sense organs when he says, “I am this or that, I
am fair-complexioned, I hear, I taste, I smell, I
see, etc.” The second line points out that this
identification is also wrong and is the outcome
of illusion. The body is made up of the five
elements, space, air, fire, water, and earth. By
denying identification with these in the third
line, identification with the physical body is

The last line says that we are none other

than the supreme Brahman which is
Existence-Consciousness-Bliss or Sat-Chit-

Verily the word Siva should not be mistaken to

mean Lord Shiva. Those who criticize Advaita
interpret this word to conclude that Advaita
asks the individual to arrogate to himself the
status of God Himself. This is erroneous. The
word ‘Siva’ is used here in the same sense as in
the Mandukya Upanishad, Sutra 7, where it

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implies ‘auspiciousness’ and denotes the

Supreme Brahman.

The identity declared by Advaita is not between

the individual or Jiva as such and God. What
Advaita says is that the Jiva as well as God
are in reality none but the Pure Brahman.
However, when looked with envelop of the
body, mind and senses in the case of the Jiva
and Maya in the case of God these appear to
be different. These vestures are not real. When
these unreal envelops are negated, what
remains in both cases is only the Pure

The body and mind have only empirical reality,

i.e. they appear to be real only until the dawn of
self-knowledge. Atma, which is identical with
Brahman, is alone the absolute reality which is
eternal and changeless. Thus the very essence
of Advaita Vedanta, namely, the identity of
the Jivatma and Paramatma is brought out in
this verse and in all the subsequent verses.

I am not what is known as the Life-Breath, nor

am I the Five Vital Airs. I am not the Seven
‘Dhatus’ or constituents of the body. I am not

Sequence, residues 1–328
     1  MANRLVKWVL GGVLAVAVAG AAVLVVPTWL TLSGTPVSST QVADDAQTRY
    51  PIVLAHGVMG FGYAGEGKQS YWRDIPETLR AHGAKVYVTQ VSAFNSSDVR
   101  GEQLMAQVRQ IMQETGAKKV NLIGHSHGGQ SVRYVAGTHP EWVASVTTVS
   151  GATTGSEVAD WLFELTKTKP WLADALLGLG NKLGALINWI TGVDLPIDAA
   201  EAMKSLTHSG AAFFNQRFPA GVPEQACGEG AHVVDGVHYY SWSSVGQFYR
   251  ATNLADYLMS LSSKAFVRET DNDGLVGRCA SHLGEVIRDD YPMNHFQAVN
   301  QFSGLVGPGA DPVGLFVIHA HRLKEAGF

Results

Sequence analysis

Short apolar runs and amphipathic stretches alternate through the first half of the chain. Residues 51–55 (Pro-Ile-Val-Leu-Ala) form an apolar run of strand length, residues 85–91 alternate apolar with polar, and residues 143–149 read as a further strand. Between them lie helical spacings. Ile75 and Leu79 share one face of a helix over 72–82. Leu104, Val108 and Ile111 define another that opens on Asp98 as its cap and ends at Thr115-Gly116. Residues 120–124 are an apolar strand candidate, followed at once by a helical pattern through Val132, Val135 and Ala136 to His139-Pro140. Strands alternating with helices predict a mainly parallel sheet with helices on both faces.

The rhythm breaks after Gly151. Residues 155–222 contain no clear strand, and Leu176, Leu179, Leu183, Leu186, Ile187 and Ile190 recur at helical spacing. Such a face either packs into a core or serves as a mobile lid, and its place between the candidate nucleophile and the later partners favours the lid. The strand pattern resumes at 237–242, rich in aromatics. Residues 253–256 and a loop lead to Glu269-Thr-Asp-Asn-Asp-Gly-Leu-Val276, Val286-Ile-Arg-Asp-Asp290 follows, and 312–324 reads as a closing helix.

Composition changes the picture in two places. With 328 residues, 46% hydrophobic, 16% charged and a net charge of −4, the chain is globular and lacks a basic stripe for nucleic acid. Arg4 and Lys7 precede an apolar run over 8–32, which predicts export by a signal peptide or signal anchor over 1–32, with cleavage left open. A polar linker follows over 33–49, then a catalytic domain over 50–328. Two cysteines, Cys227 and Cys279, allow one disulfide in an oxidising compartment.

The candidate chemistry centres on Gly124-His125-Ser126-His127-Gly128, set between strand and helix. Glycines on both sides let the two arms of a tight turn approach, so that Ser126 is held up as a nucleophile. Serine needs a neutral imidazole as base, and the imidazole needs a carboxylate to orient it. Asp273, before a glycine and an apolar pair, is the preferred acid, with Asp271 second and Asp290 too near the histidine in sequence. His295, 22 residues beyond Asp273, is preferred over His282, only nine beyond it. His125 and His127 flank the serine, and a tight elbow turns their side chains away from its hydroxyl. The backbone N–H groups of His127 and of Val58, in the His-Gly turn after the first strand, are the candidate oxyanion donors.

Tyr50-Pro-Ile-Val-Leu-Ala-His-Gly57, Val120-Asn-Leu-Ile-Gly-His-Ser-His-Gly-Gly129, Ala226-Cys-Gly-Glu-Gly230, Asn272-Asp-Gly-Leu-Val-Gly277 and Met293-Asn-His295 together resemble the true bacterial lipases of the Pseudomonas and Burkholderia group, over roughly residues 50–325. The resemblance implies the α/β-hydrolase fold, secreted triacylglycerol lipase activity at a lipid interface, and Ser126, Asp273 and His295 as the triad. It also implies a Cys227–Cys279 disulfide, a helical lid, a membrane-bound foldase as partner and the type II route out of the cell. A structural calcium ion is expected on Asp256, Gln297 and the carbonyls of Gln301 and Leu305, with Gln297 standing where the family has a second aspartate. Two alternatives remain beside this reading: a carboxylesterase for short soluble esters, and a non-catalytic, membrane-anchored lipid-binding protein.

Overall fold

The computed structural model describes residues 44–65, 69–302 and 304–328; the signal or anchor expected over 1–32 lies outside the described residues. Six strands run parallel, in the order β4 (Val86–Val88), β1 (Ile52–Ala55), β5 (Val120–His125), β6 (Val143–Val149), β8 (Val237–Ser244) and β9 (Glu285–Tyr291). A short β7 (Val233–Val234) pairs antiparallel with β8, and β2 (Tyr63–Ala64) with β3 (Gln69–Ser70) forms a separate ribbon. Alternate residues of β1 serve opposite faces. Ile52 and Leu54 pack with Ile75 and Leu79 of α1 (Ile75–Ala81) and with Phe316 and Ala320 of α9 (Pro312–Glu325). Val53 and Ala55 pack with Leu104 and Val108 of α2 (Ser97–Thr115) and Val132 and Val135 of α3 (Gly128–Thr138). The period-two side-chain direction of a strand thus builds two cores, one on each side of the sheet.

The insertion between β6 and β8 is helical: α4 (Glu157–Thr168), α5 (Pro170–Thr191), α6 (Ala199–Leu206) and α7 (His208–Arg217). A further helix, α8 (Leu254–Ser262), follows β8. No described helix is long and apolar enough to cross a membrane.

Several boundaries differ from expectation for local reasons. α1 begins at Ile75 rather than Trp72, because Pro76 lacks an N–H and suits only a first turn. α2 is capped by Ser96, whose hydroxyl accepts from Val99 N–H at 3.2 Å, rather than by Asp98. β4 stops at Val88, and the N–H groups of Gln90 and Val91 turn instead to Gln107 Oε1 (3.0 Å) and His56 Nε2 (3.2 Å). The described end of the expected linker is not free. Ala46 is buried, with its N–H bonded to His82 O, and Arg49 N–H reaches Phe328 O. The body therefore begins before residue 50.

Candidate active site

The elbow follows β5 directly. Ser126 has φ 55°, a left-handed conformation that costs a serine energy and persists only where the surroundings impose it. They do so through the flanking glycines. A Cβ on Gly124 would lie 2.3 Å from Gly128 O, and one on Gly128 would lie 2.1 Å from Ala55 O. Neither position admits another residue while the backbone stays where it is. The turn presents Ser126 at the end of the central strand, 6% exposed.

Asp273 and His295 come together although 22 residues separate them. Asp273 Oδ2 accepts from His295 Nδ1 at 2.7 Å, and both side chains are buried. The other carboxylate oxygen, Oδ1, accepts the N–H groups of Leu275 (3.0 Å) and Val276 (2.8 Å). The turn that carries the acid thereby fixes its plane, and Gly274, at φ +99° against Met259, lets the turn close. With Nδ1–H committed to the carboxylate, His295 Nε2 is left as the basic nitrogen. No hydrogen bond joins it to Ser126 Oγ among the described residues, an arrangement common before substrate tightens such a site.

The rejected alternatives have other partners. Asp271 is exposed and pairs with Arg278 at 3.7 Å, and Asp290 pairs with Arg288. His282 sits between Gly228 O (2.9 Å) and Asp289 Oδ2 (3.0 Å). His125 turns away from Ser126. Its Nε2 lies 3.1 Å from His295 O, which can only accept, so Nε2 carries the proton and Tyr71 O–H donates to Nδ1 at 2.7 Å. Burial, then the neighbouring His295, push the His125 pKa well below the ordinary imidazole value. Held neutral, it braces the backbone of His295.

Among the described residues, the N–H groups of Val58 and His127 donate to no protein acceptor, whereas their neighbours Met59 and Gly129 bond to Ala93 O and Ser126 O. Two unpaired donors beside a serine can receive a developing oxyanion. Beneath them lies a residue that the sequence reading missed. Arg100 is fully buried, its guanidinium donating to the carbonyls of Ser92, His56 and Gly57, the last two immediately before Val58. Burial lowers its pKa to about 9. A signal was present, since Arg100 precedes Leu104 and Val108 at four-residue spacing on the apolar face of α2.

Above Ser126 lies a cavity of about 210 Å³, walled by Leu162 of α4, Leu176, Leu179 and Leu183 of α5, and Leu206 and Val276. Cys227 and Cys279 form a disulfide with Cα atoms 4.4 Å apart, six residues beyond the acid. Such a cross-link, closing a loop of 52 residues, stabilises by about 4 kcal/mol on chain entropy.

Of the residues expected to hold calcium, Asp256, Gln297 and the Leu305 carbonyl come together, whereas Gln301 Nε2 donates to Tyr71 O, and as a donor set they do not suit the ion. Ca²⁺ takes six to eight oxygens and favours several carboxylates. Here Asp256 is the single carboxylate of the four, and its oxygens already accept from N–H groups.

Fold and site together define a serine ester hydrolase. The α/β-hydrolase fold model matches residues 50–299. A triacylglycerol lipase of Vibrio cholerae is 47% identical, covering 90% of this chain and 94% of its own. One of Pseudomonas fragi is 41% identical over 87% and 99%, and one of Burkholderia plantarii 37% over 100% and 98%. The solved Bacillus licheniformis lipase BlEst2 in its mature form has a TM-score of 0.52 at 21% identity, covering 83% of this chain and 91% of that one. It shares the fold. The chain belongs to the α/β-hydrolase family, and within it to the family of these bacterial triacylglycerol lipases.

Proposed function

the Five Sheaths.

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I am not speech, nor the hands, nor the feet.

I am not the genitals, nor the organ of
excretion. I am the Supreme
Auspiciousness of the form of
consciousness-bliss. I am the

The Prana or Life Breath is given five names

in Vedanta according to the five functions
performed by it. These are what are spoken of
as the Five Vital Airs in this Sutra. The five
vital airs are Praana, Vyaana, Apaana,
Samaana, and Udaana.

These are described in Sri Sankara’s Bhashya

on Prasnopanishad. 3.5, thus:-

He (praana) places apaana, a division of

himself, in the two lower apertures, as engaged
in the work of ejecting the excreta.

Praana himself, who occupies the position of

the sovereign, resides in the eyes and the
ears and issues out through the mouth and

In the navel is Samaana, which is so called

because it assimilates all that is eaten or drunk,

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distributes them equally in all parts of the body

and effects digestion.

Udaana, another division of Praana, moves

throughout the body and functions upwards. It
leads the soul out of the body at the time of
death and takes it to other worlds according to